Unfortunatly this entry was classified non-compliant because it was presented in a portrait format instead of landscape!
For this reason, the proposal was not put in front of the jury.
This competition offers the rare opportunity to combine several different programmes to create a pivotal node in the Gold Coast City. To be able to take advantage of this, all programme is combined and housed under a large, single, circular roof; a “Golden Circle” of waving solar panels. This unique building type is at the scale of the challenge to accommodate the many activities outlined in the program. It happily rivals other large buildings like Q1.
This pure geometric-shaped building opens into an encircled park as its internal focus. The park is the heart of the project. It is where one accesses all parts of the building and its activities either civic or cultural.
By combining civic and cultural programs, new interactions are created. Having different hours of operation, different public interest groups and audiences, each part of the building benefits from its association with its neighbour. The Golden Circle is busy day and night, attracting a population from diverse areas of the greater Gold Coast City as well as those people working in the new precinct.
Parkland is maintained along the water’s edge around and into the building and integrated with a marina to augment transportation and pleasure. Open space is also placed in the creative hub.
Creative hub: Supporting the Golden Circle is a large city block containing apartment buildings, office blocks, retail, art galleries, cinemas, theatres, artists’ studios, architects and designers. The creative hub will generate additional momentum around the Golden Circle and generate sufficient critical mass to make public transport viable.
This large area between Bundall Road and the Golden Circle is divided into smaller blocks in which the street frontage penetrates into the block creating a multitude of squares and public courts. Narrow streets allow local access for cars and deliveries, bicycles and pedestrians.
The success of the Golden Circle relies on its connection to the city. These connections need to be diverse, easily accessible, efficient and enjoyable; walking, cycling, light rail, driving, boating ….. cable car even!
Two new bridges are proposed to connect the Golden Circle with Chevron Island and Cavill Avenue into the centre of the city.
The Gold Coast waterways provide a wonderful opportunity for transport. A large marina is an integral edge of the Golden Circle to take advantage of the waterways and allow residents to visit the centre by boat.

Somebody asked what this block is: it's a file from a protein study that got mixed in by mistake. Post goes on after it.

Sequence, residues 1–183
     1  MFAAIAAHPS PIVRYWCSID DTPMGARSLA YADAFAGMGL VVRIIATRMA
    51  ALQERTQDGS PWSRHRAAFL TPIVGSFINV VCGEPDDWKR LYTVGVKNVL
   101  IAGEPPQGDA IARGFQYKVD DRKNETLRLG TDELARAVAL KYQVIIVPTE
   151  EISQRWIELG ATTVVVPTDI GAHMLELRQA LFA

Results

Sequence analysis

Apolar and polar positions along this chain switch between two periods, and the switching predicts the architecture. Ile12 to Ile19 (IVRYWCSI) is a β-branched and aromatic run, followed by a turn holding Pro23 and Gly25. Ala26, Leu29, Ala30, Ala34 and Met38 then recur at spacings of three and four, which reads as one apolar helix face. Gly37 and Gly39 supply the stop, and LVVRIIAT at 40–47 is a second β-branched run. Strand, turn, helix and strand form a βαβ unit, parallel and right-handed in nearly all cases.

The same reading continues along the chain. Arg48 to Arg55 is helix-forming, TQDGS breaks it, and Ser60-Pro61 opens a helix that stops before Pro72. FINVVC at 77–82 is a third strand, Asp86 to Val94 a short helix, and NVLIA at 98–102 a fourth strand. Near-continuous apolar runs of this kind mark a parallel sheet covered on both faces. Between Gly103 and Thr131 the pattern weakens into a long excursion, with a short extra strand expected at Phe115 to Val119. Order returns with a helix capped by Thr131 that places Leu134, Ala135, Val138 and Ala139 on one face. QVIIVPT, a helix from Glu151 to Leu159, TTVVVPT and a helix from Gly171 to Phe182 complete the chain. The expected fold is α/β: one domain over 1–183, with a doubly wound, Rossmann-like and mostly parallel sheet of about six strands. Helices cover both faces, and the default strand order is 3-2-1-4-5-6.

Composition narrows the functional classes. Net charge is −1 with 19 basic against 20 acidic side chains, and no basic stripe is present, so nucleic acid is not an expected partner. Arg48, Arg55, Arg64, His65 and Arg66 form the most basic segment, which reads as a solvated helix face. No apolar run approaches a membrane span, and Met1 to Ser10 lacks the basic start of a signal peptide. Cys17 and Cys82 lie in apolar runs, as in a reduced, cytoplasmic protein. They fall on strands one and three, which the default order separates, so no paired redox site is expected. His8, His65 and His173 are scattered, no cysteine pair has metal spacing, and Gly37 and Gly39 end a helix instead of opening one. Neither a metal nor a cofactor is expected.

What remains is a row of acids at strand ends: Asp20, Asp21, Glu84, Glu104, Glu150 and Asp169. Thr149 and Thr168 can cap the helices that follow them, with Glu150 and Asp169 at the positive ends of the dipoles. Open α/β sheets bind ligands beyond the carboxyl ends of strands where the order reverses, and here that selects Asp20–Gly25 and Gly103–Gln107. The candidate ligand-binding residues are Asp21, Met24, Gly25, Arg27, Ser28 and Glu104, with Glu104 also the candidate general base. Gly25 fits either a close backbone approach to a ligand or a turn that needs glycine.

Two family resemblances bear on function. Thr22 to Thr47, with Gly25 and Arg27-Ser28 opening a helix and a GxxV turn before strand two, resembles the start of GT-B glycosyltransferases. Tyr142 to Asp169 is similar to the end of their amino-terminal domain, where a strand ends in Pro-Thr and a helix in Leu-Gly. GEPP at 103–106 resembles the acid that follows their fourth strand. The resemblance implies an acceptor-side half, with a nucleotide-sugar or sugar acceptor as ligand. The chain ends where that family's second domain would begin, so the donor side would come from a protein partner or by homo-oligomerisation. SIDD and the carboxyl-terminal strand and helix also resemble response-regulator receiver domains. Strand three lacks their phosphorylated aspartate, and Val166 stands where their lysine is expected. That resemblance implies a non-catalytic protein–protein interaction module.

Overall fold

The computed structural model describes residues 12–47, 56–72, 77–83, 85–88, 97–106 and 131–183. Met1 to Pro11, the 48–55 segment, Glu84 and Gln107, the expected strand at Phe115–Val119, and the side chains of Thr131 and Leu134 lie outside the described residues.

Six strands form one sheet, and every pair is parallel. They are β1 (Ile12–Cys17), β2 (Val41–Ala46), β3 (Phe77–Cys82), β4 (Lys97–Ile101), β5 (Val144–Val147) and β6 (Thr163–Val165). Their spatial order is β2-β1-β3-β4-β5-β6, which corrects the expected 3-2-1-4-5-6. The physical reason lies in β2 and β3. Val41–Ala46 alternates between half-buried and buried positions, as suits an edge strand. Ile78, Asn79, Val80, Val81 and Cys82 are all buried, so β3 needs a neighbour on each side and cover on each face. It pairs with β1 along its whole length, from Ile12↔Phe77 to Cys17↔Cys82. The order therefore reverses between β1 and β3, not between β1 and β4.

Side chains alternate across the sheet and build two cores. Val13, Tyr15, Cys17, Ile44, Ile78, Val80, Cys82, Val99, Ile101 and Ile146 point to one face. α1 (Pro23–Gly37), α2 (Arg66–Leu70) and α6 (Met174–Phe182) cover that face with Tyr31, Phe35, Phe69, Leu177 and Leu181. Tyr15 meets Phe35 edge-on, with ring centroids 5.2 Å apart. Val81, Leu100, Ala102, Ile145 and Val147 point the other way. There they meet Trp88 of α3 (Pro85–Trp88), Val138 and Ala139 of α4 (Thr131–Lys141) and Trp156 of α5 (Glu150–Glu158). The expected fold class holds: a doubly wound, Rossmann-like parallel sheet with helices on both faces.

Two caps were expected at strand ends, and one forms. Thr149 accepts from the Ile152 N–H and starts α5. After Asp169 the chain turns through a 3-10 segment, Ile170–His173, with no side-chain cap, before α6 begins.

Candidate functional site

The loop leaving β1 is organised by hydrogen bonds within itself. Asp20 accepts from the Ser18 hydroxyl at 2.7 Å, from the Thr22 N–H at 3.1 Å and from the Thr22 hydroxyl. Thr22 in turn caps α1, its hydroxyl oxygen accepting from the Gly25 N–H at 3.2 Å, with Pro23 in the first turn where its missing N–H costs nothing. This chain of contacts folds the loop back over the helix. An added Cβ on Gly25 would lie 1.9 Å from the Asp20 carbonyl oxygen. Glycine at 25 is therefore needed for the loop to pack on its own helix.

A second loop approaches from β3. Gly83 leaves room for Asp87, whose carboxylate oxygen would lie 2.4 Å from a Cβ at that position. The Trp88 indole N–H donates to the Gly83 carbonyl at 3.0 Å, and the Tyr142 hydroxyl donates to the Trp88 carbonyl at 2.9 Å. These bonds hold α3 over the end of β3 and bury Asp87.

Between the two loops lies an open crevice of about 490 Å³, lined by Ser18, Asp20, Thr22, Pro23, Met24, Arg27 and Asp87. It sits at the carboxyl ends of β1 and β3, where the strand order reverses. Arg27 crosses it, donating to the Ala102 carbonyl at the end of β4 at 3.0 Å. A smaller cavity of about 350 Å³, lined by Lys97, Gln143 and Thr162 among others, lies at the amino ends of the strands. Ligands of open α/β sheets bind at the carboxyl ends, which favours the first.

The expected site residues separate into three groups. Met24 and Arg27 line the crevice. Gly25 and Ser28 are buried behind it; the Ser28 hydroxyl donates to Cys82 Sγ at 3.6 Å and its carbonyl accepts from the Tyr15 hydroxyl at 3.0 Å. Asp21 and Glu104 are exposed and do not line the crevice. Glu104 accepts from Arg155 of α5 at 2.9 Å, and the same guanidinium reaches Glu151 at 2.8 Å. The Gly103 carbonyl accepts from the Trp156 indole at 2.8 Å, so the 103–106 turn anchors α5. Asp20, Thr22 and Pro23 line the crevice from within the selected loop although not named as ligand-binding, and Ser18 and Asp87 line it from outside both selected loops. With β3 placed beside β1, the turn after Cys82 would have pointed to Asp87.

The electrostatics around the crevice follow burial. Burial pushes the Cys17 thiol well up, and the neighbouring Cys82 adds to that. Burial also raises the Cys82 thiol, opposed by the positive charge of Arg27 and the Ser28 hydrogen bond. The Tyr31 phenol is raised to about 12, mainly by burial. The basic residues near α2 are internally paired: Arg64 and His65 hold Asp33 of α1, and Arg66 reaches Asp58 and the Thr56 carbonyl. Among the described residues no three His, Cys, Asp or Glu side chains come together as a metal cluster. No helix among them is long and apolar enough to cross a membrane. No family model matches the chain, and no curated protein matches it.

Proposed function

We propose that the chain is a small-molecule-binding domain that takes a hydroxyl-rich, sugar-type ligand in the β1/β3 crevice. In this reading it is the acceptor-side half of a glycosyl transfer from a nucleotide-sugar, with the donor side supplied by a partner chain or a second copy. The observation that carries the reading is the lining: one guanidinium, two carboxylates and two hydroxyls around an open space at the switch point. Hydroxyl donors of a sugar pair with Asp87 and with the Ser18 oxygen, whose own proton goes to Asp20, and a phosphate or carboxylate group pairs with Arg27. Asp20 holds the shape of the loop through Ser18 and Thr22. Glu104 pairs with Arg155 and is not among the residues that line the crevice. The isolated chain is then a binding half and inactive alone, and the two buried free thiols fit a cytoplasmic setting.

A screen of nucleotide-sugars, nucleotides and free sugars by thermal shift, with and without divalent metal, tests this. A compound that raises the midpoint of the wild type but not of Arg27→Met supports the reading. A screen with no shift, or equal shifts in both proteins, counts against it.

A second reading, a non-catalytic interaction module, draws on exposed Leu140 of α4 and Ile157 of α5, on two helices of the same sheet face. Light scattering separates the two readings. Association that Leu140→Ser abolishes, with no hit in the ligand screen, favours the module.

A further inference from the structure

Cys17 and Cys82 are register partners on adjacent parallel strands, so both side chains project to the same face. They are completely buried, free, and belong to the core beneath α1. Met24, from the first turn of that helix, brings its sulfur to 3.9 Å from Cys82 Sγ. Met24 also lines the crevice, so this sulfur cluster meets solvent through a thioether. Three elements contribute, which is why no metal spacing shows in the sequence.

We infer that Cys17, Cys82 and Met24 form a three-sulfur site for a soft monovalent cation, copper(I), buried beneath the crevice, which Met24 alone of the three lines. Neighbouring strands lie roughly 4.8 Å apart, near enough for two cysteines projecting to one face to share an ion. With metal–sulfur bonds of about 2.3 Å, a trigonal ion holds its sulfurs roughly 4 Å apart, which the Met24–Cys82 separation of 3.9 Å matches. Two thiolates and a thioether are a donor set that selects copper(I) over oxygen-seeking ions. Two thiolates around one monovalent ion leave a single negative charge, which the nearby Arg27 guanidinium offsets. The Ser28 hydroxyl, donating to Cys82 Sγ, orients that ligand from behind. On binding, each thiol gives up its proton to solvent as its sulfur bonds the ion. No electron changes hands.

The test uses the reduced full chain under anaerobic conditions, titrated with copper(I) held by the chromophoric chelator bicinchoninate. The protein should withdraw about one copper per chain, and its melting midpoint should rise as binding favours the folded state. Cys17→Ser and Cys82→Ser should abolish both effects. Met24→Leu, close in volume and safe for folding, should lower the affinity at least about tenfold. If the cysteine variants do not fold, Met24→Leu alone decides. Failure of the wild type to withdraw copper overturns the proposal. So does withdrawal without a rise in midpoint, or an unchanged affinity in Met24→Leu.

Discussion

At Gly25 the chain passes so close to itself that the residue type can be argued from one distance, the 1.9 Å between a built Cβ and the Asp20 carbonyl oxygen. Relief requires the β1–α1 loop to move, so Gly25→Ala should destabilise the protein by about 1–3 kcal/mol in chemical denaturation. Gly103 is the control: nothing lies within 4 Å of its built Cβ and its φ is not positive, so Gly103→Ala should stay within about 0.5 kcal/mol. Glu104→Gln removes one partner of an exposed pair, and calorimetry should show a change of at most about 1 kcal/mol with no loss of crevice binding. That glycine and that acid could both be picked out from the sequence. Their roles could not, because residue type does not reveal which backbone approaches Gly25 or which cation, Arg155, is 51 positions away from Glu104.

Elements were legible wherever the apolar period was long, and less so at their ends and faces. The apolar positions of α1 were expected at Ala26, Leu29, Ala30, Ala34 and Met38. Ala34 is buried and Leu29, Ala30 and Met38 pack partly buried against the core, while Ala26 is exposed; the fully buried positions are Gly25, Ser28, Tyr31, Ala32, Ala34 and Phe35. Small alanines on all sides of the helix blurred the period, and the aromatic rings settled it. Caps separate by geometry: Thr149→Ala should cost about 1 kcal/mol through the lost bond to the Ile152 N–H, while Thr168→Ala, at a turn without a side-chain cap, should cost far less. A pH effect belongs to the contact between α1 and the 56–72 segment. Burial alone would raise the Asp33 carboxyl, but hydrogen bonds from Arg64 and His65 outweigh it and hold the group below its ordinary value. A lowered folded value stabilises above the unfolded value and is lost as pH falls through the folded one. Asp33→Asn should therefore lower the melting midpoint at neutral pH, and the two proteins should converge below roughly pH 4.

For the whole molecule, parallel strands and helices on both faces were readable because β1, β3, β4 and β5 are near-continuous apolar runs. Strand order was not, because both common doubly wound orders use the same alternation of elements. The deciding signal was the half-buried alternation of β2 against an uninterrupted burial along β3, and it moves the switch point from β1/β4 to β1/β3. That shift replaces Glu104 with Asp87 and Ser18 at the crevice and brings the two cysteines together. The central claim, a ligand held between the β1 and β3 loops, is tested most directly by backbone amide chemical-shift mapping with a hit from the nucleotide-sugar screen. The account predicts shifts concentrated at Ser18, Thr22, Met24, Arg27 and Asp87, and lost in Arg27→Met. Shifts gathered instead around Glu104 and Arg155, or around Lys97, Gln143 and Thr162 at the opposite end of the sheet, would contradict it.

A new tram line is proposed and will introduce a sustainable means of connecting the Golden Circle with Chevron Island, Cavill Avenue, Q1 and Sorrento forming a circle route between places of high population and in need of connection.
Driving will remain an important means of transport to this new civic hub for which several car parks are available on site.
As a creative solution to form a connection between the coast and the new precinct, a cable car is proposed as the most direct way to connect the Golden Circle to Cavill Avenue and the beach at Surfers Paradise. Small cabins of 6/8 people offers great passenger flow and great views from the aerial car. They have low visual impact and low infrastructure cost.
The entire built area of the Golden Circle and creative hub is elevated above the one in one hundred year flood level. The surrounding park levels bank up to the edge of the lower level of the Golden Circle.
The proposal will aim to deliver a sustainable environment drawing on the best available high-tech and low-tech systems. The thinking behind this proposal is to assess the scheme for opportunities to integrate best ESD practises based on each element of the scheme. The project will aim to be carbon neutral.
ESD initiatives will include reuse of demolition material generated on site, collection of stormwater for use in the parkland and buildings, sewer mining for water for the parkland and potentially carbon offsets.
One feature of the ESD strategy is the field of golden solar panels fixed to the top of the new building. The Golden Circle is a symbol of the commitment to reducing the impact of this development while providing an iconic building.
The external facades of the Golden Circle gradually become more open to the north, where sun protection is easily achieved, and to the south where it is not required. The facades become more solid when facing East and West to resist heat gain.